The gifts of a great artist can be used to further political ends. Jacques-Louis David, painter of the French revolutionary era, created several wonderful paintings that were fraught with political and social meaning, but are still notable on a purely artistic level.
One such painting tells a remarkable story. Called Brutus, or Lictors Returning the to Brutus the Bodies of his Sons, it is officially titled more grandly as “J. Brutus, first consul, has returned to his home after having condemned his two sons, who had joined the Tarquins and conspired against Roman liberty; lictors bring back the bodies so that they may be given burial.” David painted this during the first year of the French Revolution. King Louis XVI was beset with turmoil and there was a powerful political current to depose him. It was during this tumultuous time that David decided to illustrate an episode from Roman history.
Tarquin the Proud had been the King of Rome, and according to legend he was an abusive and vile tyrant. The noble minded Lucius Junius Brutus led the movement to overthrow the king, forcing Tarquin to flee. However, to the dismay of Brutus, his own sons conspired to return the king to power. Seeing where his greater duty lay, Brutus, as Consul, ordered the execution of his own sons.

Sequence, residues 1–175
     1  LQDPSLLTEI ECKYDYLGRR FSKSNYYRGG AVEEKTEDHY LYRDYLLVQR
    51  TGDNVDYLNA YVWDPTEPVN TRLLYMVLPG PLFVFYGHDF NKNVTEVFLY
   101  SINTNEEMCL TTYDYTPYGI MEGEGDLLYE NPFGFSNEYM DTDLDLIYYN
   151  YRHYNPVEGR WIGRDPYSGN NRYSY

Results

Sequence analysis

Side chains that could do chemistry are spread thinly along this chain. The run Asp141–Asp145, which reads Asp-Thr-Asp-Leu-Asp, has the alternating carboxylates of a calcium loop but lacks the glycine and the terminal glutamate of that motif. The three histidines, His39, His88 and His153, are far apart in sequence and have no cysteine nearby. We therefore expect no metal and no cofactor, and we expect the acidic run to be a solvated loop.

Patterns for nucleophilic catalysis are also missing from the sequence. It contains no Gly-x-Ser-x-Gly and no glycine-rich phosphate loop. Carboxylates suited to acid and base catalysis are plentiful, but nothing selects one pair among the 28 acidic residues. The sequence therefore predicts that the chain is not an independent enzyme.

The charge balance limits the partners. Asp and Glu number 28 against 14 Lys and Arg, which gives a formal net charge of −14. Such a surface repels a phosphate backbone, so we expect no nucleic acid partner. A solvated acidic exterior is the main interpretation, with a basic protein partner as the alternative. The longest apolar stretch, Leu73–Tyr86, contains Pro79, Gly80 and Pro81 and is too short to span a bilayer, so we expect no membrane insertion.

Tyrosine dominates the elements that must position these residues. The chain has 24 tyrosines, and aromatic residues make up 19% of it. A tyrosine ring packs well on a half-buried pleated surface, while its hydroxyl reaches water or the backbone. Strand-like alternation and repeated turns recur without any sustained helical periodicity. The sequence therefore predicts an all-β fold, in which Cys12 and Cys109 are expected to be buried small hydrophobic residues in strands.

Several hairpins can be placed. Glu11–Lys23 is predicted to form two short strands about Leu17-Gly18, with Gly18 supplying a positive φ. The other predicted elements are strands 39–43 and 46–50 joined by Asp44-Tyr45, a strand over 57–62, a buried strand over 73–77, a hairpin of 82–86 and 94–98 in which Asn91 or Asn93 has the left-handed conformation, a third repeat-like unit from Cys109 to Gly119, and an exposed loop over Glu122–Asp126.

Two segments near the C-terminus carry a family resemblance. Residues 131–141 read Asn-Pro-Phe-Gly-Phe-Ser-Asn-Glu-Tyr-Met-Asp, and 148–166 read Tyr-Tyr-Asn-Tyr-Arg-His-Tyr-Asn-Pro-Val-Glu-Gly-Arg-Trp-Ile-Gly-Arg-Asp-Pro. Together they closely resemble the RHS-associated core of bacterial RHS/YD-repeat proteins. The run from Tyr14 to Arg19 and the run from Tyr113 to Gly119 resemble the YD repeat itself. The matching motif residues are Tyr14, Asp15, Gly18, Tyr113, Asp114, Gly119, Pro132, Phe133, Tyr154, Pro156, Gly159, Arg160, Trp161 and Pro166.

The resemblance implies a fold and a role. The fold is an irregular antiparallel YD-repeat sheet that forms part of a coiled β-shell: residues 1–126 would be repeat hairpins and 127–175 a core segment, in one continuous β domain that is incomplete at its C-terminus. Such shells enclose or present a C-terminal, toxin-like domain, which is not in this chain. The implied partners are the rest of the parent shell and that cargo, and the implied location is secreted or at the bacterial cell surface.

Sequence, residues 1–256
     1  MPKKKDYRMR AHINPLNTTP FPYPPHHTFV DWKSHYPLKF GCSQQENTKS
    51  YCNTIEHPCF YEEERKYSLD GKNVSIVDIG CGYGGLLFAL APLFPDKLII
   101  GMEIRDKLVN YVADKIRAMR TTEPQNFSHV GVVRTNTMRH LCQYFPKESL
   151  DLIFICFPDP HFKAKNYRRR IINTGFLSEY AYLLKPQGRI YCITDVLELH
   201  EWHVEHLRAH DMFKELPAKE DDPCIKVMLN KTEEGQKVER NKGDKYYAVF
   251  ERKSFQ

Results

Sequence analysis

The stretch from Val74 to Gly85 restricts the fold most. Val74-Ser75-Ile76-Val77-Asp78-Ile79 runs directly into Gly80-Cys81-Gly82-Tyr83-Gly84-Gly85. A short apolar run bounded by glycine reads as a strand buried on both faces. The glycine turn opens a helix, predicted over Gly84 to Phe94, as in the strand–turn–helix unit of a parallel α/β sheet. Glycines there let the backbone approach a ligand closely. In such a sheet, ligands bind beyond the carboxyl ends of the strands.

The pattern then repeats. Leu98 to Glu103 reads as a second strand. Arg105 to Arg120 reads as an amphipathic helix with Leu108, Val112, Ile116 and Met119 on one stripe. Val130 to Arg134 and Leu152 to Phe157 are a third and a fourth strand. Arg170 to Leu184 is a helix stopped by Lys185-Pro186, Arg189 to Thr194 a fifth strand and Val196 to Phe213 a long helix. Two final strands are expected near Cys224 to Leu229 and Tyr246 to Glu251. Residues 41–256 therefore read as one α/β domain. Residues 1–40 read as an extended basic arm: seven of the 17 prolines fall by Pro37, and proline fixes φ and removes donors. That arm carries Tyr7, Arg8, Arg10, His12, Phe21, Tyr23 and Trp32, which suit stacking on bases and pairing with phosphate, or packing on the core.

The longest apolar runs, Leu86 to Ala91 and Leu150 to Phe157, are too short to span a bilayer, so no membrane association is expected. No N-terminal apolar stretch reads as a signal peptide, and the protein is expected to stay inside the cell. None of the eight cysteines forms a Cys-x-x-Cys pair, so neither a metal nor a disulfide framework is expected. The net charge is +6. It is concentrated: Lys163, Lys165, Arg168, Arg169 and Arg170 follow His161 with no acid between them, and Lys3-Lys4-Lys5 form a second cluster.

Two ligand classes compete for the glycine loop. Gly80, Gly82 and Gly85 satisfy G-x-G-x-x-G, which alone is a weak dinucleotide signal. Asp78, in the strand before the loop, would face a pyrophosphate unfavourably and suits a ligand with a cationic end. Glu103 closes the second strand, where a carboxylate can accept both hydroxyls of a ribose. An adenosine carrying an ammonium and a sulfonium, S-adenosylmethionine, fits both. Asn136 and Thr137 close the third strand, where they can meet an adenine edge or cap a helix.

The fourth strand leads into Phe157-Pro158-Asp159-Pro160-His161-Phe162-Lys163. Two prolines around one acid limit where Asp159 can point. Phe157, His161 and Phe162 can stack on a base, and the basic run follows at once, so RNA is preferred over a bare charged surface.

David brilliantly laid out the whole story on a single canvas. In a scene divided by columns and curtains, the viewer sees Brutus with face shaded, pain across his brow, while behind him the bodies of his sons are carried into his home on a stretcher. Meanwhile, across the room, his wife, the grief-stricken mother of the executed sons, reaches towards the stretcher but is restrained by the other females of the house. The leading stretcher bearer views the wife with sympathy. The lighting is stark, and the poses of all figures suggest ancient vases or statuary.
The powerful image was immediately understood for the political implications. France and its citizens would have to remove a monarch and suffer through the pain of national or familial division to eliminate the royalist supporters, no matter the cost and no matter the tears. Duty must be done.
David commented that the key to the painting was feeling and composition, according to Robert L. Herbert’s book, David, Voltaire, Brutus and the French Revolution. He had masterfully combined intellectualism, sentiment, design and color into one painting and thereby raised a political commentary to the heights of artistic expression. ~ Carl K.